Sheikh Ahmed Zaki Yamani, Saudi Arabia’s long-serving oil minister and the public face of the 1973 oil embargo that punctuated the country’s newfound role as an oil-market superpower, has died. He was 90. Mr. Yamani, who suffered from poor health for years, died in London, Saudi state TV announced Tuesday. He is expected to be buried in his hometown of Mecca, his former colleagues said. His son Hani Yamani said he had died on Monday.

He served in the post for nearly 25 years, starting in 1962. At that time, the U.S.—not Saudi Arabia—dominated the global oil trade as the world’s biggest producer and consumer of the commodity. The Texas Railroad Commission regulated domestic oil prices, while American and British companies held sway over a chunk of overseas production.

When Mr. Yamani took over the oil ministry, Saudi Arabia was a middling producer in the oil-rich Mideast. But Saudi Arabia’s deposits, it turns out, were much bigger than its neighbors’, and soon the country’s output was soaring. Amid a wave of oil field nationalizations across the region, Mr. Yamani led talks to take control of the Saudi Arabia Oil Co., then a joint venture between the predecessors to Exxon Mobil Corp. and Chevron Corp.

At the end of those talks, Aramco was pumping almost 10 million barrels a day, making Saudi Arabia the world’s largest oil exporter. Key to Saudi Arabia’s market dominance was Mr. Yamani’s insistence that Saudi Arabia invest in spare—or unused—production capacity. It was an expensive strategy, but it cemented Riyadh’s ability to quickly ramp up and down output, quickly influencing global prices.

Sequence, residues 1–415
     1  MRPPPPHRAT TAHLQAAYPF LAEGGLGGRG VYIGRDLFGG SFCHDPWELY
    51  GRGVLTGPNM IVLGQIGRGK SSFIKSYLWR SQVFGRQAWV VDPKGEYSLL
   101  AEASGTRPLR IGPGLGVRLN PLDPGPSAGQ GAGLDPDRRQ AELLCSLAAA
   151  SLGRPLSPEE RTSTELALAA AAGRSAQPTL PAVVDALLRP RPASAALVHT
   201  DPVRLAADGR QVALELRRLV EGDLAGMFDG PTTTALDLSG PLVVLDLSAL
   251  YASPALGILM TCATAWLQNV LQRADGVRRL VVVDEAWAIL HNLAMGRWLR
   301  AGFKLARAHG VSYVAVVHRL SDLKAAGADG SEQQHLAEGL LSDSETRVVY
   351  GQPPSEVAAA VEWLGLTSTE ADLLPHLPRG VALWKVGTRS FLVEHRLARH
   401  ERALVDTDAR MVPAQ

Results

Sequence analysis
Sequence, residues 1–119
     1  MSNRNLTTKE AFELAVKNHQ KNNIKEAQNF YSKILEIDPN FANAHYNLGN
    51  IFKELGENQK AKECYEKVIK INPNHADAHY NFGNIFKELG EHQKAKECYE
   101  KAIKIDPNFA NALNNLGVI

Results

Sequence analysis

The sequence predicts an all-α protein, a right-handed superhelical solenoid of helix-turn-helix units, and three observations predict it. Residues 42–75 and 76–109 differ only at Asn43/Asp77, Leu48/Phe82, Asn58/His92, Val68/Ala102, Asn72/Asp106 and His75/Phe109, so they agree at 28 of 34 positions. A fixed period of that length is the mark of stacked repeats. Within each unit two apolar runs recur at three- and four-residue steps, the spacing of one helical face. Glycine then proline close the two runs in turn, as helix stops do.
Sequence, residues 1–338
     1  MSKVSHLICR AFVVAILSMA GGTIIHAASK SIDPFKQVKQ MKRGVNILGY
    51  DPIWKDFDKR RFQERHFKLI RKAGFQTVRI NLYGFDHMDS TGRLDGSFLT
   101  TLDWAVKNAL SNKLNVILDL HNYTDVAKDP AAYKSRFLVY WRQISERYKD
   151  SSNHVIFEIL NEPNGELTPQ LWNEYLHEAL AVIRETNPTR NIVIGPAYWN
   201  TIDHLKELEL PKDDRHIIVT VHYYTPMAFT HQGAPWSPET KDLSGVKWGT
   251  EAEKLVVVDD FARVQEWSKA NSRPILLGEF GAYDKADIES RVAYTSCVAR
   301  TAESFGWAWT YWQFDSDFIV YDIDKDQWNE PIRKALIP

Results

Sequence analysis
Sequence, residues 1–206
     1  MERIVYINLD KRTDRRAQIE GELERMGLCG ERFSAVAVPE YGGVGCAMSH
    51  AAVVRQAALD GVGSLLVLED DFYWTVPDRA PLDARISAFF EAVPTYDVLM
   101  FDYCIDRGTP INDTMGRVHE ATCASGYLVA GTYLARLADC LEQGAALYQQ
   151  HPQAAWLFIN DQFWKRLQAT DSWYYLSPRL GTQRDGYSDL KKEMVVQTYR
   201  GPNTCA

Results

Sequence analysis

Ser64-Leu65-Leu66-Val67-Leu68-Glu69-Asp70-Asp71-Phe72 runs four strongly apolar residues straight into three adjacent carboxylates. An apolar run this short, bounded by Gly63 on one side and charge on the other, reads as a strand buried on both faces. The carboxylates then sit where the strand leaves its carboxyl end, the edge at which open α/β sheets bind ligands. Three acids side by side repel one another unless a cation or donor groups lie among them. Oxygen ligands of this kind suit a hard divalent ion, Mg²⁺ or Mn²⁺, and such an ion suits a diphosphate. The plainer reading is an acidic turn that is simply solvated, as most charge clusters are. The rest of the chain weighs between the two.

“He was at the very center of the creation of the modern age of oil,” said Daniel Yergin, the Pulitzer-Prize winning author of “The Prize,” a history of the oil industry.

Born in 1930 into a prominent family in the holy city of Mecca, where his father was the head of the religious court, Mr. Yamani was among the first generation of Saudi technocrats sent overseas. He earned a bachelor’s degree in law in Cairo and then set off to New York University’s School of Law, where he received a master’s in comparative jurisprudence.

Then-Crown Prince Faisal, son of the founder of Saudi Arabia King Abdulaziz, took him under his wing upon his return, leading to his appointment as oil minister at the age of 32. As head of what would become the region’s biggest oil player, he would also become the de facto leader of the Organization of the Petroleum Exporting Countries, shaping it into a formidable, global economic force.

Arab members of the group agreed to embargo oil exports to the U.S. in 1973, to protest Washington’s support of Israel in the Yom Kippur war that year. Crude prices quadrupled and American gasoline prices soared, triggering long lines at filling stations across the country and a global economic recession.